INSERT INTO books(data) VALUES('{"name": "Foo Bar"}');

And to probe the actual json data, you use something similar to SQL, probably best described by an example:

SELECT id, data->>'name' as name from books;

Have a look at some more examples:

sample_db=# select id, data->>'name' as name, data->'author'->>'first_name' from books;
 id |           name            |  ?column?   
----+---------------------------+-------------
  1 | Dune                      | Frank
  2 | Seveneves                 | Neal
  3 | Enders Game               | Orson Scott
  4 | Foundation                | Isaac
  5 | The Left Hand of Darkness | Ursula K
  6 | Ringworld                 | Larry
  7 | The Book on Gayness       | Lasse
(7 rows)

sample_db=# select id, data->>'name' as name, data->'author'->>'first_name' as First from books;
 id |           name            |    first    
----+---------------------------+-------------
  1 | Dune                      | Frank
  2 | Seveneves                 | Neal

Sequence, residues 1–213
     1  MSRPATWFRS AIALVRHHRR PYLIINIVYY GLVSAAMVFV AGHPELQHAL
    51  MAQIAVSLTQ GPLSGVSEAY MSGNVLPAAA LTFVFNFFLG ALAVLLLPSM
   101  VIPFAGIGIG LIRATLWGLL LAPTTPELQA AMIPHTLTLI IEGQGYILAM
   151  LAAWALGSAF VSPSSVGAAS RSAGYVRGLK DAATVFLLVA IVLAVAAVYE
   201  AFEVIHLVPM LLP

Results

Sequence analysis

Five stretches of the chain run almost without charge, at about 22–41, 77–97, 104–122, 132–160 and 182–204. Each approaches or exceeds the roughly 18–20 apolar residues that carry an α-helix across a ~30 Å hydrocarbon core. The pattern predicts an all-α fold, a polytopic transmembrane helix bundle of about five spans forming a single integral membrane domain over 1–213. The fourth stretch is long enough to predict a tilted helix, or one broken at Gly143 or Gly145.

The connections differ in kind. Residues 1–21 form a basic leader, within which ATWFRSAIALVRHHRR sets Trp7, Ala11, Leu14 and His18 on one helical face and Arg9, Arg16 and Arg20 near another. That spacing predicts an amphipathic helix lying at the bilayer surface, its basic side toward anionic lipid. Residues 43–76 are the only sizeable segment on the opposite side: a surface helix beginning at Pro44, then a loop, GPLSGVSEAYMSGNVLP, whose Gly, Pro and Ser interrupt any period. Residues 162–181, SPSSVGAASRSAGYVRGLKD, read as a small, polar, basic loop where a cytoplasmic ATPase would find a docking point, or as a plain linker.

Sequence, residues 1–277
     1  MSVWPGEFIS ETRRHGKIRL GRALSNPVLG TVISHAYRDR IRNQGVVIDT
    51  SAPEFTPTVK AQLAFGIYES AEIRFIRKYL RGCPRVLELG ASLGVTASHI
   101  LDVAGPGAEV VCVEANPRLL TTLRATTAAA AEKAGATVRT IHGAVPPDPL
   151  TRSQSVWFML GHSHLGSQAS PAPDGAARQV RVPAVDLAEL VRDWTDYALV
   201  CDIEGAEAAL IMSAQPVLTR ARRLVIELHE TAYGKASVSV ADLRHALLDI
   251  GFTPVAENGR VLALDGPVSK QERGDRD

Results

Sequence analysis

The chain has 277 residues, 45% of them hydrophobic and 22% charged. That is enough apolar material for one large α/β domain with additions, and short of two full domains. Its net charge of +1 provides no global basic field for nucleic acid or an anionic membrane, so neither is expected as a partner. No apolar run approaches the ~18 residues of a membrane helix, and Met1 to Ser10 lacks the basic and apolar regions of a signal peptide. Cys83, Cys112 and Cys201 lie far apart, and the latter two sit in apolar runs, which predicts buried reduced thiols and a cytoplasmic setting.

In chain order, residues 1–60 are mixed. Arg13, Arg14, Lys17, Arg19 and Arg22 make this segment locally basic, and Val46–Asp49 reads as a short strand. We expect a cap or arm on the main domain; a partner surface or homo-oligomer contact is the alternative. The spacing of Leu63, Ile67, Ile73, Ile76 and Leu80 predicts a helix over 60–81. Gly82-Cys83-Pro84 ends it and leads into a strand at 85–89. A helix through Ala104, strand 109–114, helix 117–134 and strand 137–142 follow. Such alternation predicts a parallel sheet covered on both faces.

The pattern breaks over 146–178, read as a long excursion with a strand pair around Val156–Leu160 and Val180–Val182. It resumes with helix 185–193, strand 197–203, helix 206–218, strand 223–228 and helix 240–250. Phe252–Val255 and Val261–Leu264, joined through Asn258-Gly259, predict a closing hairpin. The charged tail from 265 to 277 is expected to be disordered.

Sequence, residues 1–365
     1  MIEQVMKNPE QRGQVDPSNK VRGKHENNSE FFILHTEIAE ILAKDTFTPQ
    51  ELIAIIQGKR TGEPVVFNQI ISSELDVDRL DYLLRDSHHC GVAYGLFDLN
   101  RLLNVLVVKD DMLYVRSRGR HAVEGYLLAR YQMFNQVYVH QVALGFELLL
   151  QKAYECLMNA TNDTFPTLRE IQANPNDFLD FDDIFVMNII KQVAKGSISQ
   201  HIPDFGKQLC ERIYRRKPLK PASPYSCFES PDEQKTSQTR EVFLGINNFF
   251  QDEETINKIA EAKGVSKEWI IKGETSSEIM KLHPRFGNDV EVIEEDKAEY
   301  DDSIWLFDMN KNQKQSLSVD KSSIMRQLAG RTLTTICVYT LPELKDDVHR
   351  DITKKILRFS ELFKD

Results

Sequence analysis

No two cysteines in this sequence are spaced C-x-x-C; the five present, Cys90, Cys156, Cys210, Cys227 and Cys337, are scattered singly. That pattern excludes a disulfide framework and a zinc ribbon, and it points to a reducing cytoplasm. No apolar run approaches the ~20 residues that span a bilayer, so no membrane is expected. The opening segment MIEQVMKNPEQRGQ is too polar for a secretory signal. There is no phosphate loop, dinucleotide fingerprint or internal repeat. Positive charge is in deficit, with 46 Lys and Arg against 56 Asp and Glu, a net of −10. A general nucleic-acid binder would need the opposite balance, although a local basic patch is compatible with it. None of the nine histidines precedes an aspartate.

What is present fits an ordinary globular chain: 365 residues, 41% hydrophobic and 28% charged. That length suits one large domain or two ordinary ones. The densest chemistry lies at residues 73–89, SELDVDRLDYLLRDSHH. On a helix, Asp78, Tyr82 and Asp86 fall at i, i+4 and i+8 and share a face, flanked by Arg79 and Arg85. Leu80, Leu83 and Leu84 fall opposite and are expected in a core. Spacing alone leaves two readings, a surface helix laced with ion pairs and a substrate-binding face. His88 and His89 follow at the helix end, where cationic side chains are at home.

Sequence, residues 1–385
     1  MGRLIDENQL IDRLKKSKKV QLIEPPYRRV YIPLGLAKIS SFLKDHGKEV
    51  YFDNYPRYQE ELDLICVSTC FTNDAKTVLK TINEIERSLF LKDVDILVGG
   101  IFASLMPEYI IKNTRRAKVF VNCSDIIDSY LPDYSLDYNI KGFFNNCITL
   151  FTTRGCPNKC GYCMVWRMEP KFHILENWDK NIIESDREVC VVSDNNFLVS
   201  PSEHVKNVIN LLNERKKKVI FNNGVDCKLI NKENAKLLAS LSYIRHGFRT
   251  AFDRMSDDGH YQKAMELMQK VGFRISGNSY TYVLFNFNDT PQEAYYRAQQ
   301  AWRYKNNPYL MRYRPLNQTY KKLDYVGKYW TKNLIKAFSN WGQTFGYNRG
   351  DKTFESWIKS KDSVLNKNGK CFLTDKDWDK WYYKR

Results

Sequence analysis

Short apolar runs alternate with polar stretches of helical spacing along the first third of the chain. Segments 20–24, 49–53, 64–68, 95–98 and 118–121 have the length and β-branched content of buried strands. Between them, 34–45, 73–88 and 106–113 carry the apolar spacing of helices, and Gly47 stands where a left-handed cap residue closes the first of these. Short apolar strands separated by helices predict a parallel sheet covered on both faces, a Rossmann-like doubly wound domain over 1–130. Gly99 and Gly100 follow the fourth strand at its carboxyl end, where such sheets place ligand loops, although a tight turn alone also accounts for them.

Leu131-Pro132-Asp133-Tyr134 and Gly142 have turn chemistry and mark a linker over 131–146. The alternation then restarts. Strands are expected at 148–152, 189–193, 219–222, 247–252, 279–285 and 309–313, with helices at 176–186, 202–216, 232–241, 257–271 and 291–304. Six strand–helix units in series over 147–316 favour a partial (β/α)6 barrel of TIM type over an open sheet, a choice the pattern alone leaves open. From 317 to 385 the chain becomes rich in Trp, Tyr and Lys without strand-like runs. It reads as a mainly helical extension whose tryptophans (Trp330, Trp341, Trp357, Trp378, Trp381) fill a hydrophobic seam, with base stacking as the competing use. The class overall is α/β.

3 | Enders Game               | Orson Scott
  4 | Foundation                | Isaac
  5 | The Left Hand of Darkness | Ursula K
  6 | Ringworld                 | Larry
  7 | The Book on Gayness       | Lasse
(7 rows)

sample_db=# select id, data->>'name' as name, data->'author'->>'first_name' as First, data->'author'->>'last_name' as last from books;
 id |           name            |    first    |    last    
----+---------------------------+-------------+------------
  1 | Dune                      | Frank       | Herbert
  2 | Seveneves                 | Neal        | Stephenson
  3 | Enders Game               | Orson Scott | Card
  4 | Foundation                | Isaac       | Asimov
  5 | The Left Hand of Darkness | Ursula K    | Lee Guin
  6 | Ringworld                 | Larry       | Niven
  7 | The Book on Gayness       | Lasse       | Haugen
(7 rows)

Note the use of -> and ->> arrows

Cheatsheet

Create user

CREATE USER username WITH PASSWORD 'password';

Remove user

DROP USER username;

Create database

CREATE DATABASE dbname;

Remove database

DROP DATABASE dbname;

Create table

CREATE TABLE tablename(
	field_name datatype,
	field_name datatype
);

Remove table

DROP TABLE tablename;

Change table owner

ALTER TABLE table_name OWNER TO user_name;

Change database owner

ALTER DATABASE dbname OWNER TO new_owner_username;

Resources

Go specific